Question about Microwave Ovens
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Posted on Jan 02, 2017
Remove the case ... look on the base of the machine near the big silver thing (Capacitor - DON'T TOUCH IT !!!) You should find the main fuse near where the cord enters the case.
Posted on Sep 13, 2009
Usually when a microwave regardless of brand quits mid cycle the main fuse has failed. It is easily located as it will be the very first connection point off of the end of the power cord. Remove all of the chassis screws usually 4 on the sides and 6 on the back of the unit. Then begin lifting the chassis up at about a 15 deg angle and pull to the rear, Once the chassis is removed be very careful no to touch the large capacitor as it will still have a considerable charge. Locate the power fuse by following the power cord to the white and black terminals and remove the fuse. Purchase an exact replacement fuse and replace it. Reinstall the chassis cover without the screws and test the function of the unit by heating a cup of water until it boils. If it passes this simple test it should be fine. If it works momentarily and then quits the power diode has probably failed. The power diode is a 2.5 inch long and 0.5 inch wide and black located either on the bottom of the chassis or the inside back panel. This can be tested with an ohm meter by testing resistance. Set the meter to any ohm setting and place the test leads one on each terminal. The power diode should only read in one direction. If it reads in both directions (reverse the position of the test leads on the terminals) then the power diode has failed and will need to be replaced.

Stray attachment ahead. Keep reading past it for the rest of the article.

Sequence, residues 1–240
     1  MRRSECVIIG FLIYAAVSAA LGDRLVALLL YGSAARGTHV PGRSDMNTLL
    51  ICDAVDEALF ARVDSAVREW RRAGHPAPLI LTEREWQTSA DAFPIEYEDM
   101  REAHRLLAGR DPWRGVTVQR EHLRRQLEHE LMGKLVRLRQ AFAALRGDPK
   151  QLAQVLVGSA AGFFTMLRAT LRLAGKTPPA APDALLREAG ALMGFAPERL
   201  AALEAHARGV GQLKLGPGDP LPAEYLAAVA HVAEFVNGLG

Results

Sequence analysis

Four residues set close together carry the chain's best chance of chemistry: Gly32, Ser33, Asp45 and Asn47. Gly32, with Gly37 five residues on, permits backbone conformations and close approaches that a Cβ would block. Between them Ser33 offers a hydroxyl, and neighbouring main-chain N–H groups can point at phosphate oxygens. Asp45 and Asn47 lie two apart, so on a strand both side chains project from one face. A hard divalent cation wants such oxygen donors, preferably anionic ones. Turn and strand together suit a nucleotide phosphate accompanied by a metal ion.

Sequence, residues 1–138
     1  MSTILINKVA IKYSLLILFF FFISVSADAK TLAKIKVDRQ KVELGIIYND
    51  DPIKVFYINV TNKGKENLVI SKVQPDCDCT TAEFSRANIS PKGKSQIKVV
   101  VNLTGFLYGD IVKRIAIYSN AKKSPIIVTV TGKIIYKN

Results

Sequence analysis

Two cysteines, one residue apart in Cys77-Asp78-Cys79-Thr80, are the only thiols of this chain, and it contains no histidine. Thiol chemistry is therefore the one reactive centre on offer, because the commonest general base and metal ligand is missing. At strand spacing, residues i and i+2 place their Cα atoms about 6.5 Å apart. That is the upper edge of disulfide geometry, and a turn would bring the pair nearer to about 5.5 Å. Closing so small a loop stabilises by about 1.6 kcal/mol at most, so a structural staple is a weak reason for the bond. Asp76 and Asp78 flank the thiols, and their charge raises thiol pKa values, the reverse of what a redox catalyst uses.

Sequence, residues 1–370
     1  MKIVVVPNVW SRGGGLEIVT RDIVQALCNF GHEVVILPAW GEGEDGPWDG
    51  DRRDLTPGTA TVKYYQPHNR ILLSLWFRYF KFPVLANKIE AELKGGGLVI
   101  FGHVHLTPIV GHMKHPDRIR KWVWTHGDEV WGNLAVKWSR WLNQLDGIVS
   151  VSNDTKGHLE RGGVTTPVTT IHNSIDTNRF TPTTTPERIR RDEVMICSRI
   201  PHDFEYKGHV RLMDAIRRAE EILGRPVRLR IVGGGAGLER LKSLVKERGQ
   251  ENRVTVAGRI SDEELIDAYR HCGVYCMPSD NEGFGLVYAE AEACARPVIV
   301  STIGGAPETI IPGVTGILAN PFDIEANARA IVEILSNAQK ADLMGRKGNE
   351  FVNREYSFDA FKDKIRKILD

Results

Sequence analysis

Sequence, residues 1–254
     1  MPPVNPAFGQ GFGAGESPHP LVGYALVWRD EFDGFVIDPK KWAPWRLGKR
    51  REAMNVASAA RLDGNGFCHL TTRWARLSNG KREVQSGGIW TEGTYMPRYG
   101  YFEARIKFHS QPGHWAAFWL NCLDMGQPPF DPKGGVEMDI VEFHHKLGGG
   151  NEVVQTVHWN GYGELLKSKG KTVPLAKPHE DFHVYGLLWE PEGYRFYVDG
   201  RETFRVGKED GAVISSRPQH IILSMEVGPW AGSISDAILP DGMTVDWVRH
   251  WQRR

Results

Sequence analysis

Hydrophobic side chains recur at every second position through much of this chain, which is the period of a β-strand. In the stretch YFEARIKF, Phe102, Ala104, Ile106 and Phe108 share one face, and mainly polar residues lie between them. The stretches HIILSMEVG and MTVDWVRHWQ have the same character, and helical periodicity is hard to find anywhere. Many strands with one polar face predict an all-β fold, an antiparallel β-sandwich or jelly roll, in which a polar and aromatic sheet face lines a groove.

Posted on Jan 02, 2010
If your handy with getting the cover off and looking inside... check the obvious.
I suspect :
If both microwave and Heating elements dont work, then I will assume the magnetron is ok, ans we are dealing with a high voltage issue... and you will need at best... a volt meter and or neon troublelight...
moust appliances have a simple schematic inside... I would start with the heating element first... trace wiring back to circuit board... usually one side of the heating element is connected to the white wire (neutral) and live (Hot) side is controlled thru the circuit board... so finding the neutral should be easy... then trace with neon light or voltmeter...
I know easy for me to say... but with everything else working... it doesnt seem to be the microprocessor that controlls the unit...
Posted on May 06, 2010
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